JACKSONVILLE, Fla. – A Jacksonville city council member wants to tighten term limits for elected city officials, limiting them to two full terms, period.
It would apply to the mayor, sheriff, council members, school board members and constitutional officers.
Right now term limits at city hall and elsewhere in local government are capped at two consecutive terms, but the bill proposed by councilman Rory Diamond would limit officials to two terms total meaning they can’t sit out an election and then run again for the same position.
Diamond says two terms is enough.
“We need new blood, new people, new ideas,” he said. “Let’s have real term limits for Jacksonville.”
Diamond said Ordinance 123 will have a few weeks in committee and then a few weeks in front of city council. If it gets 10 votes from the council, the mayor would need to sign it and then, voters would get the final say on a change, with a referendum in the August primary election.
“Incumbents are incredibly powerful. They have all the networks, they can fundraise. They can overwhelm someone with new ideas and new blood,” Diamond said.
But longtime city official Jerry Holland said experience matters.
“I don’t know in any other occupation that we go, you know I want my doctor for eight years, but after eight years, I want a doctor who’s never done it before,” said Duval County Property Appraiser Jerry Holland.
Holland served on city council for five and half years, supervisor of elections for ten years, and he’s now in his seventh year as property appraiser. He’s filed to run for Supervisor of Elections again in the spring of 2023.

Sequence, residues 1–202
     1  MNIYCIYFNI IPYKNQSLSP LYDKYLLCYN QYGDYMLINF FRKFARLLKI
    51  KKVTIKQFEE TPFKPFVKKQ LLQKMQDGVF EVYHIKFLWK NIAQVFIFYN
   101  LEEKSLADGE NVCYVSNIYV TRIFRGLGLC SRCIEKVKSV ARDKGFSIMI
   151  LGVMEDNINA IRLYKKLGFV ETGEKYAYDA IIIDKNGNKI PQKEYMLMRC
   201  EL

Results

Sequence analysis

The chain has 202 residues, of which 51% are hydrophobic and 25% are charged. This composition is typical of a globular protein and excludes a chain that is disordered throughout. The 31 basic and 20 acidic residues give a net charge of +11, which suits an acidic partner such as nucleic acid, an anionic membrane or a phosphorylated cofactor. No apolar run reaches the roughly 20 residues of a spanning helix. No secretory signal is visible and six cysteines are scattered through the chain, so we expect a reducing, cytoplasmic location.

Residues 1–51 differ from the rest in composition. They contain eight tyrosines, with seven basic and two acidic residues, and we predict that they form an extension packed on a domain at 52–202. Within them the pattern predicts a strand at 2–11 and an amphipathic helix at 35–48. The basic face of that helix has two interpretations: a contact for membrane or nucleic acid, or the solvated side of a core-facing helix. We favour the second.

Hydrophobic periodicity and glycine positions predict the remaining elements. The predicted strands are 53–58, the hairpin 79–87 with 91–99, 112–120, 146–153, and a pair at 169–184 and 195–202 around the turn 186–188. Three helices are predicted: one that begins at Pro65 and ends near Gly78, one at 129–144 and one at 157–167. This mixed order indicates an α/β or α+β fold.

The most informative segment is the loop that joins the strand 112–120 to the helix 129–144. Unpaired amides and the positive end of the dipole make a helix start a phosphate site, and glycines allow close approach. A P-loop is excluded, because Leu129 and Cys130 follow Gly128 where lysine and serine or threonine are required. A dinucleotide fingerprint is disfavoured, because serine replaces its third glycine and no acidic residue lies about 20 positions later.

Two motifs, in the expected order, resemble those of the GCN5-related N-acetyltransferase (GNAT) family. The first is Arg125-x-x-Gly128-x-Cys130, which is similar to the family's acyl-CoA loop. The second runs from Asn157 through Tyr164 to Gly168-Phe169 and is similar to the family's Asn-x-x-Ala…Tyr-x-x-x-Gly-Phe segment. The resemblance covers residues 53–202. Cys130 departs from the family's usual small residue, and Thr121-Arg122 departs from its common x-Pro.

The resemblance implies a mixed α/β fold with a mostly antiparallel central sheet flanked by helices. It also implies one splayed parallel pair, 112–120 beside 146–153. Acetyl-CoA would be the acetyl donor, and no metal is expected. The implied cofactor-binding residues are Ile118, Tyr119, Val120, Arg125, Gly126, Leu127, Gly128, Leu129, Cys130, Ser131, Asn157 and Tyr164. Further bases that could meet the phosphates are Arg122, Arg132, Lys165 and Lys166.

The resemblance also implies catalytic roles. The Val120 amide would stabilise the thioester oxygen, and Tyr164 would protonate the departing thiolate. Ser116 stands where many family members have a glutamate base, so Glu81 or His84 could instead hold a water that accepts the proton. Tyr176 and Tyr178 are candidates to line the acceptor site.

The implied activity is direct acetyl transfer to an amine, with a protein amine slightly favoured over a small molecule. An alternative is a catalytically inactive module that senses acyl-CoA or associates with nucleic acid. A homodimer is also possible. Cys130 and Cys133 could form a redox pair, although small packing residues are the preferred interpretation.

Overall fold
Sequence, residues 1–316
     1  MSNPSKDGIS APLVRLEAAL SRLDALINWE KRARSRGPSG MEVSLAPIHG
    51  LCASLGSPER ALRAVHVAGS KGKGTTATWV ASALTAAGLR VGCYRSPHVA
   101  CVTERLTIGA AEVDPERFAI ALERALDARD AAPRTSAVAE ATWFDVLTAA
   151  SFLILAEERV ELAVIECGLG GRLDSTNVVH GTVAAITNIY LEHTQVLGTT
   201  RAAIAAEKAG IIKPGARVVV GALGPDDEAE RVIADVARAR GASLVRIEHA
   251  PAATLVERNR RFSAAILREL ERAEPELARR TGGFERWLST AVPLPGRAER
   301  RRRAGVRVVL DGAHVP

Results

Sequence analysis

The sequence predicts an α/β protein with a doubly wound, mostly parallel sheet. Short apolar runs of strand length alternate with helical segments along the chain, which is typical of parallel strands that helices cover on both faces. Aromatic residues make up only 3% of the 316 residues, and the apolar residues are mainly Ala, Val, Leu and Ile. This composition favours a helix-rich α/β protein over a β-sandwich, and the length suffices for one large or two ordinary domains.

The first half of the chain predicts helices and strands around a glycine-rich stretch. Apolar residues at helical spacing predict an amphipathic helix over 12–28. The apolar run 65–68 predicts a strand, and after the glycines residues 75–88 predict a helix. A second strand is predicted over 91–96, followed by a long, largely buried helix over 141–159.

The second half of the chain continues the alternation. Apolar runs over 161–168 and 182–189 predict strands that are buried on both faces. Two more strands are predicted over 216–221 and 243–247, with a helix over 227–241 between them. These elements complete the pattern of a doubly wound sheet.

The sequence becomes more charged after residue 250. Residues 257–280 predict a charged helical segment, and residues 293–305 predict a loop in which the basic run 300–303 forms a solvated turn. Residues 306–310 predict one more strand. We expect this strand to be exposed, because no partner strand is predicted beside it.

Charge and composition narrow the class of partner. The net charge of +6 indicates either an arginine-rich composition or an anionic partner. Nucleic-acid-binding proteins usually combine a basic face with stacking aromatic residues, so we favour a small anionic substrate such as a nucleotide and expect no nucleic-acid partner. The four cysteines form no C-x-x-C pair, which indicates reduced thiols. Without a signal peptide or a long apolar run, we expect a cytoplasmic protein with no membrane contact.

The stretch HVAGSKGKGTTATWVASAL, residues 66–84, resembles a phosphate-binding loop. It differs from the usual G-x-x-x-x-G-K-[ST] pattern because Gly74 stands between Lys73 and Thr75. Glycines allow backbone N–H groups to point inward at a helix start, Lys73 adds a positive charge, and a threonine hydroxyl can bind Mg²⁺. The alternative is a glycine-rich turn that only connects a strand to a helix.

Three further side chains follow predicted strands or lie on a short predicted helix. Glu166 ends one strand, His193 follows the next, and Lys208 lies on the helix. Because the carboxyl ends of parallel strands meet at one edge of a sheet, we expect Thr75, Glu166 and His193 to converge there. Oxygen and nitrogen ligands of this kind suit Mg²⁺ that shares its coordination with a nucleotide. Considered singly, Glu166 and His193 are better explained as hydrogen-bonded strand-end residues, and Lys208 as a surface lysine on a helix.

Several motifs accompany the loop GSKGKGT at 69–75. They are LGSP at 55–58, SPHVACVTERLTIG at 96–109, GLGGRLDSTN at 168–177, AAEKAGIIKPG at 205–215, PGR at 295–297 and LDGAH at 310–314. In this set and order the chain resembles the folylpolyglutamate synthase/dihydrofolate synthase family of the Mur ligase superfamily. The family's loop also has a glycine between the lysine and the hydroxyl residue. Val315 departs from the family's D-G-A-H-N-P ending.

He says he doesn’t consider himself a career politician, but a career public servant.
But Diamond’s bill wouldn’t affect Holland’s ability to run for a third term as supervisor of elections next year. The change wouldn’t take effect until 2027 at the earliest, and Diamond says, that could be pushed back even more.
News4JAX political analyst Rick Mullaney said it’s unusual to see term limits like this at a local level.
“Term limits, in general, have become very common. This sort of limitation in local government is not especially common,” he said.
Diamond said it’s not about the person, it’s about the principle.
Diamond said he’ll likely have to push the effective date back to 2031 and is planning to submit an amendment grandfathering in current officials meaning the existing term limits would continue to apply to them.
He says those would be concessions in the hopes of getting the bill passed.